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256
Markov chain monte carlo convergence diagnostics
 JASA
, 1996
"... A critical issue for users of Markov Chain Monte Carlo (MCMC) methods in applications is how to determine when it is safe to stop sampling and use the samples to estimate characteristics of the distribution of interest. Research into methods of computing theoretical convergence bounds holds promise ..."
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Cited by 371 (6 self)
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A critical issue for users of Markov Chain Monte Carlo (MCMC) methods in applications is how to determine when it is safe to stop sampling and use the samples to estimate characteristics of the distribution of interest. Research into methods of computing theoretical convergence bounds holds promise for the future but currently has yielded relatively little that is of practical use in applied work. Consequently, most MCMC users address the convergence problem by applying diagnostic tools to the output produced by running their samplers. After giving a brief overview of the area, we provide an expository review of thirteen convergence diagnostics, describing the theoretical basis and practical implementation of each. We then compare their performance in two simple models and conclude that all the methods can fail to detect the sorts of convergence failure they were designed to identify. We thus recommend a combination of strategies aimed at evaluating and accelerating MCMC sampler convergence, including applying diagnostic procedures to a small number of parallel chains, monitoring autocorrelations and crosscorrelations, and modifying parameterizations or sampling algorithms appropriately. We emphasize, however, that it is not possible to say with certainty that a finite sample from an MCMC algorithm is representative of an underlying stationary distribution. 1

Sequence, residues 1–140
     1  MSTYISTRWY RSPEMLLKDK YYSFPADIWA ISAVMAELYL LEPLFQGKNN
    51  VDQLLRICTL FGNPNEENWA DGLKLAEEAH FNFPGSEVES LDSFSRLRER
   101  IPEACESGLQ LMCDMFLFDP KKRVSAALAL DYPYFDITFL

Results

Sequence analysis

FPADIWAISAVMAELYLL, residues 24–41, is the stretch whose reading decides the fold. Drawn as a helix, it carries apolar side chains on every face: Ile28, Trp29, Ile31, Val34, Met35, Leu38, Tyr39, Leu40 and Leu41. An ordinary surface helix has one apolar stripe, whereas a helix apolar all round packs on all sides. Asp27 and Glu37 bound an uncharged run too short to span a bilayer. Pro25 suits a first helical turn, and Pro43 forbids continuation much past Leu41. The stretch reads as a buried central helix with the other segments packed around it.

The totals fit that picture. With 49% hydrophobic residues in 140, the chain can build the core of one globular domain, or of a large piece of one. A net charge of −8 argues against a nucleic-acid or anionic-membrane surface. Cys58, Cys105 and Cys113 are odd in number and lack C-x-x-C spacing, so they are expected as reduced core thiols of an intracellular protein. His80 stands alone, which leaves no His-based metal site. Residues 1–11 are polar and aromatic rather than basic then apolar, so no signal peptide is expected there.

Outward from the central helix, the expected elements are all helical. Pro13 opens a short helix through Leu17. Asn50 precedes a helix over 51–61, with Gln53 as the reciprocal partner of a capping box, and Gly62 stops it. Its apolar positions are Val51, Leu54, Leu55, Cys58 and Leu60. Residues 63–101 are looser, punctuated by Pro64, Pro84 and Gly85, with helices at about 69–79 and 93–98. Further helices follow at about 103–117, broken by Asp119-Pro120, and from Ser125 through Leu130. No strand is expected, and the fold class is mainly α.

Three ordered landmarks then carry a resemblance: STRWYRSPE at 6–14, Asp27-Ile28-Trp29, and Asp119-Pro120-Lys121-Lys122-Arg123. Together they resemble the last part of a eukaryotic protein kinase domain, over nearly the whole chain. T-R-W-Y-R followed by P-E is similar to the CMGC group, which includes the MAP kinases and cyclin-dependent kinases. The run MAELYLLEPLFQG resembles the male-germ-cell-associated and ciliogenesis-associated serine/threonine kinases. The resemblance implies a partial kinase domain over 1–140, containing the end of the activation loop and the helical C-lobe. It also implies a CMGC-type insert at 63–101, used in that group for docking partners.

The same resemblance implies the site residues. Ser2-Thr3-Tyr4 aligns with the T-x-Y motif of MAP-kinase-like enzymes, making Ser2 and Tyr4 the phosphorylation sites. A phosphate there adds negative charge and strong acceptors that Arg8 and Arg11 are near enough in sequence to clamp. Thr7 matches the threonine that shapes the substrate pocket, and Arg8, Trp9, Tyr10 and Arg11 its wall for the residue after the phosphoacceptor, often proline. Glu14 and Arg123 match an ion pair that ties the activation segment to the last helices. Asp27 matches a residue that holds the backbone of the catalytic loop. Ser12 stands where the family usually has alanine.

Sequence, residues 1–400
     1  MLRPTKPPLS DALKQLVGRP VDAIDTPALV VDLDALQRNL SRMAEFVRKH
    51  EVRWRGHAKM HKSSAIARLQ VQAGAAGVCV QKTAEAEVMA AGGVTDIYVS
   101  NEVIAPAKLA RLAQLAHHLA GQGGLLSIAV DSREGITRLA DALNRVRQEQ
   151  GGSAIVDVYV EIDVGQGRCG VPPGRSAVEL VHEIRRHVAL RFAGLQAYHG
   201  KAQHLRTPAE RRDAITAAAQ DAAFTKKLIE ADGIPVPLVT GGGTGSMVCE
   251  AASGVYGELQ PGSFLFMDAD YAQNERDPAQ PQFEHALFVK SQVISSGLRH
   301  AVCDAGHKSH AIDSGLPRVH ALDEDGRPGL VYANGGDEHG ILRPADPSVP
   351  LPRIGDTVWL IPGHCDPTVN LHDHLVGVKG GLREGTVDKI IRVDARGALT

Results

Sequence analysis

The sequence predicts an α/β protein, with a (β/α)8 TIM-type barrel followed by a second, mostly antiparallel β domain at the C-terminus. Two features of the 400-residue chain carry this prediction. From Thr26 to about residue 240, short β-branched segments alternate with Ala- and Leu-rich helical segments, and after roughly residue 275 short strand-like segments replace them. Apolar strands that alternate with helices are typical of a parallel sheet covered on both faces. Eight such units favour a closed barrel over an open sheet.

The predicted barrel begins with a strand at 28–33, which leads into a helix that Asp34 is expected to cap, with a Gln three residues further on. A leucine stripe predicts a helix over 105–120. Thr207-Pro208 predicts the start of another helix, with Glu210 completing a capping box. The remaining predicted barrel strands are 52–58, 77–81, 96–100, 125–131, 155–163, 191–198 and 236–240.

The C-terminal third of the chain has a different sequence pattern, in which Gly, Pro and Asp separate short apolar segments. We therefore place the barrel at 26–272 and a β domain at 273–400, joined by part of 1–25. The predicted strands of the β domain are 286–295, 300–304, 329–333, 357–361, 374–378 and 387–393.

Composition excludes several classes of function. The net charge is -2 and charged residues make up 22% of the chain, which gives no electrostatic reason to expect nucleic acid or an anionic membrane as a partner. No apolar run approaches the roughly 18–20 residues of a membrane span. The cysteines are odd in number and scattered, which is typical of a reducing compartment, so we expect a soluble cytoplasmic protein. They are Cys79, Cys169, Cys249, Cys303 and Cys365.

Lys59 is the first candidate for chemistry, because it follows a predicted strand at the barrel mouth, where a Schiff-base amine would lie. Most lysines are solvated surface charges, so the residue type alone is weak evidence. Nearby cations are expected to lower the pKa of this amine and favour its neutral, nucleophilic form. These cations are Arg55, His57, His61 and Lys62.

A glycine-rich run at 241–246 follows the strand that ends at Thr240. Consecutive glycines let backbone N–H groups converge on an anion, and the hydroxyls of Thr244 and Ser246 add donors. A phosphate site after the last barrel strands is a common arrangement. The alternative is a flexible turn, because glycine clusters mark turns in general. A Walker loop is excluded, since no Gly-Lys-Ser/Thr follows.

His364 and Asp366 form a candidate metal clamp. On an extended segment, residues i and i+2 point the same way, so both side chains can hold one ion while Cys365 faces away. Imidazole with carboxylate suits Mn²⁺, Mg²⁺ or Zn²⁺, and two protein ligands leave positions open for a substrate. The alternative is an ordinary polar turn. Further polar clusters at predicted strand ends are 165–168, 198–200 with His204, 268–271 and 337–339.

JAGS: A program for analysis of Bayesian graphical models using Gibbs sampling
, 2003